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 Infobank Judengassse Frankfurt am Main
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Bunter Löwe

Width at front: c. 2.60 metres

The Bunter Löwe was built in 1584 by Lejw Wetzlar. He was a rabbi and a prominent scholar. At his death in 1609 he was praised as "a lion among his contemporaries". The house is supposed to have got its name ("brightlycoloured lion") from him.
At first some of his descendants lived in the house using the name Wetzlar. Later, other families moved in, such as the Friedberg, Bing and Deutz families, whose names mostly indicated the places from which they originally migrated. From the mid18th century the house was also occupied by a branch of the prominent HaasKann family calling itself Silberkron.
Around 1700 some of the occupants seem to have been less prosperous, and one family is described in the visitation lists of the period as being poor. The father in another family worked as a meat cutter, one of the few trades the Jews were allowed to practise.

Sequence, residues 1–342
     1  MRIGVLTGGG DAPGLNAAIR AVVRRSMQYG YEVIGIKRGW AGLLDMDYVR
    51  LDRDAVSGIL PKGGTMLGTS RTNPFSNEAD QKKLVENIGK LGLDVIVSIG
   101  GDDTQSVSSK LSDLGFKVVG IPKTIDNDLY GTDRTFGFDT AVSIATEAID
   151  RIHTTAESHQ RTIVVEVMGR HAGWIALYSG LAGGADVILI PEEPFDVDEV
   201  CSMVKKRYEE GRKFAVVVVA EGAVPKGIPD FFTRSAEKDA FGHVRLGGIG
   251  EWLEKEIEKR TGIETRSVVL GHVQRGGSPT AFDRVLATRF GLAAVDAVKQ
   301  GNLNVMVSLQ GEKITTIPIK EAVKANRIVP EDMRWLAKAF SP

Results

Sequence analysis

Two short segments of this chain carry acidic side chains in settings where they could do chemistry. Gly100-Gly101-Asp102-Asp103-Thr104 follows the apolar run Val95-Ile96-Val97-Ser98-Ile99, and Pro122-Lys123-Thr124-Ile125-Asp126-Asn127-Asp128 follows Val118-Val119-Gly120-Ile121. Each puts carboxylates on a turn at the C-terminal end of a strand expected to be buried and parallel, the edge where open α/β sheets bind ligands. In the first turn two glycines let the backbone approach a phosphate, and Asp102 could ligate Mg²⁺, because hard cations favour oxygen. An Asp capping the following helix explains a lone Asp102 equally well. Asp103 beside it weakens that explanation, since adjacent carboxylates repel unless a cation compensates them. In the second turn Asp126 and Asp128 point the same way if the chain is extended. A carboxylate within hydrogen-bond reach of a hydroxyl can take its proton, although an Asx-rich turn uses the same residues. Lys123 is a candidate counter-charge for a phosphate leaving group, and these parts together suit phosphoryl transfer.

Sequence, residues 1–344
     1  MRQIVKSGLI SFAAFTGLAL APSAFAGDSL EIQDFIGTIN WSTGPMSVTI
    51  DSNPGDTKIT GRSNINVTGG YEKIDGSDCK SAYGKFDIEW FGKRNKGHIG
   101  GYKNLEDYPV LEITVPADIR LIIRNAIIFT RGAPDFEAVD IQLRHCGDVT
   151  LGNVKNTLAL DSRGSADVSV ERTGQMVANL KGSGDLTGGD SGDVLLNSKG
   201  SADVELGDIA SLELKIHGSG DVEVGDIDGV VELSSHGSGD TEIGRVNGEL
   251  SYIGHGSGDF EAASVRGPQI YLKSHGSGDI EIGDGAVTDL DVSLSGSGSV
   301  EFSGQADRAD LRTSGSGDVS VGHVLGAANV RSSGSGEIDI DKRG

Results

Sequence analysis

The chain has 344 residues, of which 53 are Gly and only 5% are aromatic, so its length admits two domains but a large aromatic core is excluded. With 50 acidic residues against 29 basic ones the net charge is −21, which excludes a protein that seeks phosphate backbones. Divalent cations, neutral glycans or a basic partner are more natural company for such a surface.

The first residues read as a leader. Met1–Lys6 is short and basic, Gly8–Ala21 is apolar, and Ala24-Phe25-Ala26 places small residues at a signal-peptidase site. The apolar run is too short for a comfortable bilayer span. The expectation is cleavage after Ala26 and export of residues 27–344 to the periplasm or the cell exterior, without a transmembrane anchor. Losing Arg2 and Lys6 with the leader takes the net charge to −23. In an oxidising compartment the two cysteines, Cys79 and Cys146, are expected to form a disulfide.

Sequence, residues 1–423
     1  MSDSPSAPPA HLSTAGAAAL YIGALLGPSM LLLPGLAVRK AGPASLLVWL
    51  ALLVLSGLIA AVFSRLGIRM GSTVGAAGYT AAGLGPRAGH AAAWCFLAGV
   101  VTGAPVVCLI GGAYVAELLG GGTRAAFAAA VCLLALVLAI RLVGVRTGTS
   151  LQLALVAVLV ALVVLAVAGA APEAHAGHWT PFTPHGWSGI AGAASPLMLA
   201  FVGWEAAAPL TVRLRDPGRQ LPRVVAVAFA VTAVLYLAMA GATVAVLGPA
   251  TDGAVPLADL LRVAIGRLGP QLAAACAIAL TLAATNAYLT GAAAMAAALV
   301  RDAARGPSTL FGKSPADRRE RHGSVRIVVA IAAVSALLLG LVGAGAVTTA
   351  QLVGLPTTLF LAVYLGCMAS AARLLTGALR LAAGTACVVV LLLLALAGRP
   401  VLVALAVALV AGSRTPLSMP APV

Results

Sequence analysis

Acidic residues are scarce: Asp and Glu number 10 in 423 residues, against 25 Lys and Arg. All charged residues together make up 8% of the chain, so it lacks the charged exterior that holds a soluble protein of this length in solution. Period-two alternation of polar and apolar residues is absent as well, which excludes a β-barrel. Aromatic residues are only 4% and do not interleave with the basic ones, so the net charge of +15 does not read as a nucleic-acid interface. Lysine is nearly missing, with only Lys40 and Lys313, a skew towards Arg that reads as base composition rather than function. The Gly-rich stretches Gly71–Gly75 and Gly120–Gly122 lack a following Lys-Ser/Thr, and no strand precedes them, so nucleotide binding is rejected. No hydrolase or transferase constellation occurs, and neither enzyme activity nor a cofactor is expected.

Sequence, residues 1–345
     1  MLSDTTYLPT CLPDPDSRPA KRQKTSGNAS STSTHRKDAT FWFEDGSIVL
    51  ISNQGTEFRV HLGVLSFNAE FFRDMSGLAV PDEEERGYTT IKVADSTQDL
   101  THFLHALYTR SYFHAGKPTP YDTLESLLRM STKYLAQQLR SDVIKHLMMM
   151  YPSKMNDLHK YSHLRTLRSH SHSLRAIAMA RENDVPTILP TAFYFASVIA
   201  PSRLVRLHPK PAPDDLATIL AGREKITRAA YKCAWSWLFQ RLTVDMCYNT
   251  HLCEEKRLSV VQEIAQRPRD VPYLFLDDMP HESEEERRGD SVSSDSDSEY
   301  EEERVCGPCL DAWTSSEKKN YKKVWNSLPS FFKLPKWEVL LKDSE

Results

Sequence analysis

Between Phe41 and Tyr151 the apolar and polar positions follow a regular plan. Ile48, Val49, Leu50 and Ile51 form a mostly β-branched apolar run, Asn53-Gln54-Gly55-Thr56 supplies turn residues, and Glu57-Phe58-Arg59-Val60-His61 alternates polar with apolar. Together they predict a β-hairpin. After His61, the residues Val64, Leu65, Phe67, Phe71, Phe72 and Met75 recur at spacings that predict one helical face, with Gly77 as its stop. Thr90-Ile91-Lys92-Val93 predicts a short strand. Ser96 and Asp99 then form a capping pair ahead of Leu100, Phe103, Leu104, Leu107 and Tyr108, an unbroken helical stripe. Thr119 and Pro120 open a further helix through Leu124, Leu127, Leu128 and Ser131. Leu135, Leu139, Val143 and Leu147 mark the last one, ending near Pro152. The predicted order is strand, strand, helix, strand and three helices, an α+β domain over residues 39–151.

At the end of the 17th century the front house was occupied by the shames and his family, a community servant with specific duties. His widowed son and his daughter and soninlaw had a separate household in the house. The son was a food merchant, and the daughter and her husband dealt in linen.
In the great fire in the Judengasse in 1711 the house was destroyed and subsequently rebuilt. After the emancipation of the Jews it was taken over by the city in 1864 for later demolition.

© Jüd. Museum Frankfurt 1992-2002 /  Sources